Oldest bilateral animals

The same fossil deposits that yielded the earliest bilateral embyros also contain fossils of a very small animal. They are about 1/5 of a millimetre long—barely visible. The fossils come from sediments that are 580 to 600 million years old. (That’s 90 million years before the Cambrian explosion.) They are about 25 million years older than the earliest known macroscopic bilateran. (The picture shows the animal’s mouth, with some pits on either side that may be primitive sense organs.)

Researchers named the animal Vernanimalcula, or “small spring animal,” because it appeared soon after the last total glaciation, or “Snowball Earth” period. In The New Scientist magazine, Jeff Hecht writes:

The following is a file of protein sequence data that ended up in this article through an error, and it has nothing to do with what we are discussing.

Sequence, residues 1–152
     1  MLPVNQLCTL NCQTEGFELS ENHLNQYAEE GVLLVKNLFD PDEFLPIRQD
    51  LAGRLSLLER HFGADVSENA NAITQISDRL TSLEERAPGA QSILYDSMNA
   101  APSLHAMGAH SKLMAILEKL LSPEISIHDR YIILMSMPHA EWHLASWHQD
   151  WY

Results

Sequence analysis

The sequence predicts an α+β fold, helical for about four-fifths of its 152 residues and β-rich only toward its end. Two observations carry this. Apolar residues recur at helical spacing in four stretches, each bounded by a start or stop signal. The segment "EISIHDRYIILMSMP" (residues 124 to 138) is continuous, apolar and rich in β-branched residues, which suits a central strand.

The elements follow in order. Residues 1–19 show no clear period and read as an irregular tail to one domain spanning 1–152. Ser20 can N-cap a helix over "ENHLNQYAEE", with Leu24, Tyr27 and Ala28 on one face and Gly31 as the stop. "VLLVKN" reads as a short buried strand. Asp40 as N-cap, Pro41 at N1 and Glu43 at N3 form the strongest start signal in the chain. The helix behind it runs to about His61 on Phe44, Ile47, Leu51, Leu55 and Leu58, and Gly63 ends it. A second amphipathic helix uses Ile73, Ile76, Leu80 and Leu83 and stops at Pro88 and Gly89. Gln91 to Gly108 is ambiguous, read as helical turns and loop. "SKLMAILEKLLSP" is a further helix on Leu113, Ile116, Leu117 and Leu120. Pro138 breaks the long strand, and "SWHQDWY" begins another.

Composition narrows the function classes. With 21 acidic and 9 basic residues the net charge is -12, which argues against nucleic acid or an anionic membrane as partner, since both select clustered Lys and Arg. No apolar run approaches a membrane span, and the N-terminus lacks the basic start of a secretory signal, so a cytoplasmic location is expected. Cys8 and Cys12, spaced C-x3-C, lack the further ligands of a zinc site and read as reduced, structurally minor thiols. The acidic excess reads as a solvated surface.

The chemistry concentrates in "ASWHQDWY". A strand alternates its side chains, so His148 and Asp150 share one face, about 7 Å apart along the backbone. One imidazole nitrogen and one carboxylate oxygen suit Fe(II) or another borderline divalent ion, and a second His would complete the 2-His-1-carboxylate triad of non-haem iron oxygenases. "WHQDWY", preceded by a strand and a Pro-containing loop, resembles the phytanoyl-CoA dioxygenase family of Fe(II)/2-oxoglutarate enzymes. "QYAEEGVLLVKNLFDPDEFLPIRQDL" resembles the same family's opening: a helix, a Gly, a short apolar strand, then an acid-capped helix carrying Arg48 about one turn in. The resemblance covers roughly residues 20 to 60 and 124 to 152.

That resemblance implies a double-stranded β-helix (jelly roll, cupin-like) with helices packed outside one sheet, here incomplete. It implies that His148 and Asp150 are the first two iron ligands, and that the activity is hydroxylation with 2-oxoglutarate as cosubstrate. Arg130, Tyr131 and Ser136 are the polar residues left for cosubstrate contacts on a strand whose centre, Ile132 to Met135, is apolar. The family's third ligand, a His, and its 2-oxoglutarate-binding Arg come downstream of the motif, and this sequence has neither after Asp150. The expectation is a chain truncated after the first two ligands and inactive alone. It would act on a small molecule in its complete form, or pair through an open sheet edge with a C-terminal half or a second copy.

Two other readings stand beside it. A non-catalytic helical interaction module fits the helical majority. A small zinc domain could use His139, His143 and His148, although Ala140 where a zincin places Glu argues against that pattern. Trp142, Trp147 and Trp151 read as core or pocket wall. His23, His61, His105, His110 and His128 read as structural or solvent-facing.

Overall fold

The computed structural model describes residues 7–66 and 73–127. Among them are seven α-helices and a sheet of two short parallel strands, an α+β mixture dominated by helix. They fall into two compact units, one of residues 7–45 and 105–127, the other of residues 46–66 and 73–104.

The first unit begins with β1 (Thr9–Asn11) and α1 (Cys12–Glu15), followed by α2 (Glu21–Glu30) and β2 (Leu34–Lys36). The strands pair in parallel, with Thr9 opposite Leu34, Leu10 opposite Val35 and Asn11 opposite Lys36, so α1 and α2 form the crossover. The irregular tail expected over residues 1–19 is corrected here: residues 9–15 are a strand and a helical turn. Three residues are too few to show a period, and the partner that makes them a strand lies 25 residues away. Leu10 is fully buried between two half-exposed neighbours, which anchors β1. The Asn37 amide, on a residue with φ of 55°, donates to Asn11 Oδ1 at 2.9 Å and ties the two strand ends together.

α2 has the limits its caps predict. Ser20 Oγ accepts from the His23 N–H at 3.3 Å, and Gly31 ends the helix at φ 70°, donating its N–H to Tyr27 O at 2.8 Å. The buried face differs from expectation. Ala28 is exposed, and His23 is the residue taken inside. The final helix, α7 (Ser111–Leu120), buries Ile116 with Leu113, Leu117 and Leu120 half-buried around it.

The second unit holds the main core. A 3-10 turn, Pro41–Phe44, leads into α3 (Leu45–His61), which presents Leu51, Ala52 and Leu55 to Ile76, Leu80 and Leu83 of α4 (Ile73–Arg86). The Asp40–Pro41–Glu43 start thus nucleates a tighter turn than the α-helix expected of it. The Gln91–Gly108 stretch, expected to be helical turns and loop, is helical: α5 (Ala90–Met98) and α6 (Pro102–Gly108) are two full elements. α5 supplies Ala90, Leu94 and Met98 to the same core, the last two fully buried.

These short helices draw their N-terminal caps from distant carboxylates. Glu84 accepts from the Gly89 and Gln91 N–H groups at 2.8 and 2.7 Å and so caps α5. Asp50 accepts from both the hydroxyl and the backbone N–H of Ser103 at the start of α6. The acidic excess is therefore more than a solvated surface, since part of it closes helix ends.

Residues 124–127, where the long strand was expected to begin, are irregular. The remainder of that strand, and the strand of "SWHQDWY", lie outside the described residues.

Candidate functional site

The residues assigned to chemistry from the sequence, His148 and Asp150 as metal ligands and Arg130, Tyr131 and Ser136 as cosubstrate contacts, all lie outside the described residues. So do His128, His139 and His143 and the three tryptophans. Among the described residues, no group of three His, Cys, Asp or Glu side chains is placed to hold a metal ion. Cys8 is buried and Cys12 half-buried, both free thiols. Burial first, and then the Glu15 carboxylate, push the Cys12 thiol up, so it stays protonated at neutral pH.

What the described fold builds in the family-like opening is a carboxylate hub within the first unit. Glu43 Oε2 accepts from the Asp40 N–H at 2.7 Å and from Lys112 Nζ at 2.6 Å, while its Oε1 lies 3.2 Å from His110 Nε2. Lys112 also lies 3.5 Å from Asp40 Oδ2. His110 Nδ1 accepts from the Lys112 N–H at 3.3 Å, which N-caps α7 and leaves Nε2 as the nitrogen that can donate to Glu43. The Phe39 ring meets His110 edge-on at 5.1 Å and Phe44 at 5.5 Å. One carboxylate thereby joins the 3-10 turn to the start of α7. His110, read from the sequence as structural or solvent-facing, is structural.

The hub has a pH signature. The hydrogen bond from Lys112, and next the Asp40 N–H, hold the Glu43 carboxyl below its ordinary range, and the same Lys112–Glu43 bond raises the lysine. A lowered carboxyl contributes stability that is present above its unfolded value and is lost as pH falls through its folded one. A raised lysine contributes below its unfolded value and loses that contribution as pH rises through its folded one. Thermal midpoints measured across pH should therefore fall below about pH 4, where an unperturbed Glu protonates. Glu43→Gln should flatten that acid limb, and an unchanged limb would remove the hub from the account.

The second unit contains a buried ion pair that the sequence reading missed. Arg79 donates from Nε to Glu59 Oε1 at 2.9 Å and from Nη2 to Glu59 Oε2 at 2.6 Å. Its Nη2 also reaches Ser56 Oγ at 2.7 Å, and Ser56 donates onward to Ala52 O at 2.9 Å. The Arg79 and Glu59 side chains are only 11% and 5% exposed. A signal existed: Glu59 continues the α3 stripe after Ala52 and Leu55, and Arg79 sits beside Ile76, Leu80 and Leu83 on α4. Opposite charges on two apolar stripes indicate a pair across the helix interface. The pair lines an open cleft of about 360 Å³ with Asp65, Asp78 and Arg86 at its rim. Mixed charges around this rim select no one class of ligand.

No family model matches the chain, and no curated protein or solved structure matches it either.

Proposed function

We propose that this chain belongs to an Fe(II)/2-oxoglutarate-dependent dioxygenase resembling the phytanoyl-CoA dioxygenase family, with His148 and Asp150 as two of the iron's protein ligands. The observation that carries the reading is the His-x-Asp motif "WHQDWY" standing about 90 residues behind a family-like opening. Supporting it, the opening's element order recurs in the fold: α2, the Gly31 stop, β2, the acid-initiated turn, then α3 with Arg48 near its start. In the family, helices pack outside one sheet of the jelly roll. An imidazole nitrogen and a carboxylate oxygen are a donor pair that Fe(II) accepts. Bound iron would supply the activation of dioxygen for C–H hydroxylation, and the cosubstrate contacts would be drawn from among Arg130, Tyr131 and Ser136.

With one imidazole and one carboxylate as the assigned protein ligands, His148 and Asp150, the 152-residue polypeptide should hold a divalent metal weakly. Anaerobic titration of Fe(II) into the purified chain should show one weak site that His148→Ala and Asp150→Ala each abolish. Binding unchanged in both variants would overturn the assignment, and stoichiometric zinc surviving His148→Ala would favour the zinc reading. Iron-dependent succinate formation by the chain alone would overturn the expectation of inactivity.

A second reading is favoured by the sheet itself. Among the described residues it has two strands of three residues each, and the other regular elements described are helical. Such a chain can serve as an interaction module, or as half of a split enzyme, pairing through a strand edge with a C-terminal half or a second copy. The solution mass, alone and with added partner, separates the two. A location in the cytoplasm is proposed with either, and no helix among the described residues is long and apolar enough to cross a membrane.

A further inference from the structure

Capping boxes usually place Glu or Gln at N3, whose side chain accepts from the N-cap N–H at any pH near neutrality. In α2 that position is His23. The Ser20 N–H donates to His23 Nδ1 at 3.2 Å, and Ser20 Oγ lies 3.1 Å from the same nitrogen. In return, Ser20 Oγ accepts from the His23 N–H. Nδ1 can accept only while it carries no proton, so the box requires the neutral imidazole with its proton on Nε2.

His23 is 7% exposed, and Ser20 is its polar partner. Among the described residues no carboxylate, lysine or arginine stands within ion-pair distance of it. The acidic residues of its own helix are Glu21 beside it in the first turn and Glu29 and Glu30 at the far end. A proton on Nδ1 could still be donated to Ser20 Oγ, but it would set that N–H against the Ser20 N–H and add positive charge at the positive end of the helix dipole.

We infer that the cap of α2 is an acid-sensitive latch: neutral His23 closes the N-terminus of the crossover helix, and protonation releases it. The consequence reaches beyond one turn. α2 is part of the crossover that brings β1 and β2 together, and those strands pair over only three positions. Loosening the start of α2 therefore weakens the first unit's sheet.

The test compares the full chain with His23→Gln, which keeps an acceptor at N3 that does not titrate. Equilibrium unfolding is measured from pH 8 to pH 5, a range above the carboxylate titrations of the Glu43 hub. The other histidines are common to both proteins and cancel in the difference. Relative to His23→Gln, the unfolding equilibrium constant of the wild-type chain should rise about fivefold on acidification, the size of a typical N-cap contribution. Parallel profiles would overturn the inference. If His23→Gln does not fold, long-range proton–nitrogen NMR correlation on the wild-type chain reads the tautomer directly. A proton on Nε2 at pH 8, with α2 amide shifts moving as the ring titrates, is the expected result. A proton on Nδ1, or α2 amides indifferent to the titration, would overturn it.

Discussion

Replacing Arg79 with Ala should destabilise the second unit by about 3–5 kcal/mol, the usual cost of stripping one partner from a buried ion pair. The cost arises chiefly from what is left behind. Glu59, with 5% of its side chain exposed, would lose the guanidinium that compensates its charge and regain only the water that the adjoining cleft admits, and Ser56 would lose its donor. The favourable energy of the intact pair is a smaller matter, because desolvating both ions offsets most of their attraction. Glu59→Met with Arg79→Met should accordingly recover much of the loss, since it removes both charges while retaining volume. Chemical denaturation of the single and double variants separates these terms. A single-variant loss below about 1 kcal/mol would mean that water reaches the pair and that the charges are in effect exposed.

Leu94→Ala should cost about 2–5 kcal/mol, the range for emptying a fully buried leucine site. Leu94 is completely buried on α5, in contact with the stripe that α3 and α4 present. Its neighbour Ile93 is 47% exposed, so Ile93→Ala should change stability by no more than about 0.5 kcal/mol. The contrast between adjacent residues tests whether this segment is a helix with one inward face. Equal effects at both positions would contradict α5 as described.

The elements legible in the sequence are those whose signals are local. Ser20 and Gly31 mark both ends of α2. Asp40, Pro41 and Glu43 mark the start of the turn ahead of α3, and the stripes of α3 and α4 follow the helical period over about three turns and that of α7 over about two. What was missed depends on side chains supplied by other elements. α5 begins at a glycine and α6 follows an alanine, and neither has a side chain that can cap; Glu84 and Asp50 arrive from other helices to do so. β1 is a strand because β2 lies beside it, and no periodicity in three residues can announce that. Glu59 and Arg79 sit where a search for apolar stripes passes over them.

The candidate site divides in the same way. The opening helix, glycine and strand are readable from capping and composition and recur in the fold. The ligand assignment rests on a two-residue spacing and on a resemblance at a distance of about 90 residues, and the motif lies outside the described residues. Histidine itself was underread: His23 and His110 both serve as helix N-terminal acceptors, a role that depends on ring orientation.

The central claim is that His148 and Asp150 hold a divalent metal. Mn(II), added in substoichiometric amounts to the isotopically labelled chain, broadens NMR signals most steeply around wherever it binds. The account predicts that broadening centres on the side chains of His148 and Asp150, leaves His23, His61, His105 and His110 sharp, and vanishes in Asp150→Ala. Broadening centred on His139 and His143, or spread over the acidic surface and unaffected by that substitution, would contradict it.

“As well as many microscopic sponges, they found 10 tiny oval fossils of animals with a multilayered body including a mouth, gut and anus – the hallmarks of bilateral animals.”

In other words, this is an organism with a front end. Guy Narbonne of Queen’s University in Kingston, Ontario, Canada, is impressed by the new organism:

“What I find most intriguing is how closely it matches the most recent predictions of molecular and developmental biology.”

See “Tiny fossils reveal key step in animal evolution”.

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